The boat drifted past a clump of water lilies. A plum-colored, red-beaked bird the size of a pigeon picked its way across the lily pads.

"What is the bird?" the woman said.

Jimmy pronounced it slowly. "Purple gallinule."

The husband clicked his camera. The bird vanished into the bushes before he could take another shot.

Jimmy swept his arm in a wide circle, going into his Indian guide routine.

"This land was formed many thousands of years ago. Early man came down through the peninsula, made his home here. Hunted deer and fished. They lived on islands, like that one." He pointed to one of the hardwood hammocks a few hundred yards off, a clump of green rising out of the water.

"They had camps out there. You could go out on that hammock, maybe, and find where the early people lived, the Tequesta. You might find tools made from shells or pieces of pottery. There's still some land like that, untouched."

Four pairs of blue eyes were looking at him sitting up there over the engine. They smiled and nodded, didn't have a clue. Then the man turned toward the trees and took some pictures through his telephoto.

It was nearly nine-thirty. He ought to take them back. They would probably go to the snack bar, have some fry bread and frog's legs for breakfast, being adventurous. He never ate it himself. Marie had it for the tourists, like the other stuff in the gift shop. Marie carried cypress wood spears, moccasins with hard soles made by the North Carolina Cherokees, rubber alligators, a line of souvenir T-shirts, postcards. Even a paperweight that when you shook it made snow over Miami. Probably the most true-to-life Miami souvenir in the gift shop, he had told Marie. But she didn't get it.

Jimmy swung himself down off the seat to stretch his legs. A breeze came up, bending the tops of the trees, blurring the image of the clouds in the water. The airboat drifted, saw grass scraping the sides. The girl reached out for a long blade of it, testing the serrated edge.

"Careful. You'll get cut."

With a wooden pole, Jimmy pushed them to where the grass was shorter, sparser, barely reaching past the sides of the boat. Beyond a clump of cattails was a county park, too small to attract many people.

The man was watching the water. "There are alligators here?"

Alligators. They all wanted to see the alligators.

Jimmy nodded, reached into a box under the rear passenger seat for the loaf of stale white bread he kept there. "Look over that way. They like to hide in that pond, under the bushes."

He untwisted the top of the bag, then sent a slice of bread spinning. It bobbed up and down, minnows snapping at it.

The girl leaned over the brownish water, the tips of her pigtails just breaking the surface. Her mother pulled her back by her shirt.

"I'll let you know if I see one." Jimmy tapped the girl on the shoulder and jerked his thumb toward the pilot's seat. "Sit up there." After a second, the girl climbed up. Her brother followed, laughing.

The woman looked alarmed, said something in Swedish.

"No, it's okay," Jimmy said. "They're all right." The kids sat side by side on the padded seat, holding on to the metal arms, playing with the stick. "Just don't turn the key."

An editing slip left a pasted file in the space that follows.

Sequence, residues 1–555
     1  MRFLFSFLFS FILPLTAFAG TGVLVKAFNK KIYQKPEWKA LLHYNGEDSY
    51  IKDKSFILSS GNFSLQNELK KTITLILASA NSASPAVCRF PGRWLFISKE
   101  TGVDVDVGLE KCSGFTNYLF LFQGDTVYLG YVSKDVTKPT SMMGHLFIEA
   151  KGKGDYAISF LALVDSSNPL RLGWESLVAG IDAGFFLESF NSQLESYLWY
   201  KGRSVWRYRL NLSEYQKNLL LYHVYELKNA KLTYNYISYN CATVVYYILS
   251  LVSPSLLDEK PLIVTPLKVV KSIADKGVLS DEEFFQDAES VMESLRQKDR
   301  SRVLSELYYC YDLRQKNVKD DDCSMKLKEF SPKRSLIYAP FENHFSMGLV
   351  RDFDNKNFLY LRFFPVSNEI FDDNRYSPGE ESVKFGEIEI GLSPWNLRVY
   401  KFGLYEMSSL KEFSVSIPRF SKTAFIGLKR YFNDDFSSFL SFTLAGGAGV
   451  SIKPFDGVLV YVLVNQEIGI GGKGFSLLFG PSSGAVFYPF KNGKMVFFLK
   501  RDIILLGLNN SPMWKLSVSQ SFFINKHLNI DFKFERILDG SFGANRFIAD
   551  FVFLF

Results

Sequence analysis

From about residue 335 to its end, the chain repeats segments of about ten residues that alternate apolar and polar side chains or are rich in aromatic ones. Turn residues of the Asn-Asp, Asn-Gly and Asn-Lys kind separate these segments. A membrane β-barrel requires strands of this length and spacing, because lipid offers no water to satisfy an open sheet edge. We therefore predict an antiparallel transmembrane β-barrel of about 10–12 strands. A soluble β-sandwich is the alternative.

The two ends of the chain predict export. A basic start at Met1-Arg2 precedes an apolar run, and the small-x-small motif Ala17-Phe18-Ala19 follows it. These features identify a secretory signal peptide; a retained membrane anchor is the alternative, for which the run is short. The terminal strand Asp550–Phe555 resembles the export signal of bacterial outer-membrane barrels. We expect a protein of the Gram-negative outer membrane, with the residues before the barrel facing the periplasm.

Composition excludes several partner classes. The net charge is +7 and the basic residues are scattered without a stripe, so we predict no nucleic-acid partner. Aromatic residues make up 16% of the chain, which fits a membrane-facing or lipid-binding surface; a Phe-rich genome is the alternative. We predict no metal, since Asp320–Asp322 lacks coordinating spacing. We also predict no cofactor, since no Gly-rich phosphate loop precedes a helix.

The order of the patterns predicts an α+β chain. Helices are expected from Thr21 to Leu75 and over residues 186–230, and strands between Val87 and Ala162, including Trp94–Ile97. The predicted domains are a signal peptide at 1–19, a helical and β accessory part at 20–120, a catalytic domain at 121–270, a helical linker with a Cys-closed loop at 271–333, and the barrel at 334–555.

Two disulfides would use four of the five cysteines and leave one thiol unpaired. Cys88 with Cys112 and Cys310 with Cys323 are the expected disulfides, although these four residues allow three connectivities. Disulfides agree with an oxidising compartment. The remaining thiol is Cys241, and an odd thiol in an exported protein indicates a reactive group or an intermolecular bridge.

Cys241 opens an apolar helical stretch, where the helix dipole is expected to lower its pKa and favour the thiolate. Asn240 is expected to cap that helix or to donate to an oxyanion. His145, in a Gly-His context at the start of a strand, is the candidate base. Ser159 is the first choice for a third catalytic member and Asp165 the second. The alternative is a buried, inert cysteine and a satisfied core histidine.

Jimmy poled through the water, pushing against the weight in the boat. He saw the man's camera pointed at him, the lens opening, closing. The Indian guide on his airboat. He'd be in the same album with the gallinule. Jimmy tossed another piece of bread out ahead of them.

The man swung the camera toward the water now, ready for that long, dark shape gliding out of the shadows under the mangroves. That silvery path in the water, moving closer.

This was what the tourists came out here for. Slitted eyes just above the surface. A hiss, a flash of teeth. Pulling your hand back, laughing because the son-of-a-bitch had come
this close.

Too bad they didn't speak more English. He would tell them about the lady down in the National Park. Leaned out a little too far with her camera, leather shoes slipping on the metal bottom of the boat before her old man could catch her. They pulled her back in, but the gators had done some damage.

Jimmy sent another slice of bread spinning. None of the tourists were talking now. A dragonfly hung over the cattails.

Then the boat rocked a little. The girl was standing up on the seat. She was steadying herself on the propeller cage, looking toward the break in the cattails, not saying anything. The water tapped against the sides of the boat. The girl squinted in the sun, looking toward the shore. Just looking, quiet now, not moving.

The boy stood up beside her, asked her something.

Whatever it was she said back, their parents' heads turned in the same direction. The woman stood on her toes, her hand shading her eyes. Jimmy stuck the pole in, leaned on it hard, pushing them closer.

He could see it now, too, about twenty feet ahead. The end of the nature walk, the heavy wood weathered to gray above the shallow water. Somebody had spilled a can of rusty-colored paint, maybe. The streaks had run down the two-by-twelve and one of the pilings. And there was what looked like a bundle of clothes just off the end. Bumping up against the pitted white rock, moving in the waves the airboat had pushed to shore.

Jimmy stared. The water ticked on the sides of the boat. He heard the buzz of flies. The knowledge came to him slowly, like a picture turning right side up.

The man pulled at the sleeve of his jacket. "Go now. We are going back."

Jimmy jerked his arm away. The airboat drifted sideways into the cattails. A flock of blackbirds exploded upward, screeching.

It was a woman. He could see a shoulder now, an arm. Pale, mottled skin. A red tank top. Blonde hair drifted around her head. Her body rolled face up. The nose and lips were gone.

BOOK: Suspicion of Innocence
2.32Mb size Format: txt, pdf, ePub
ads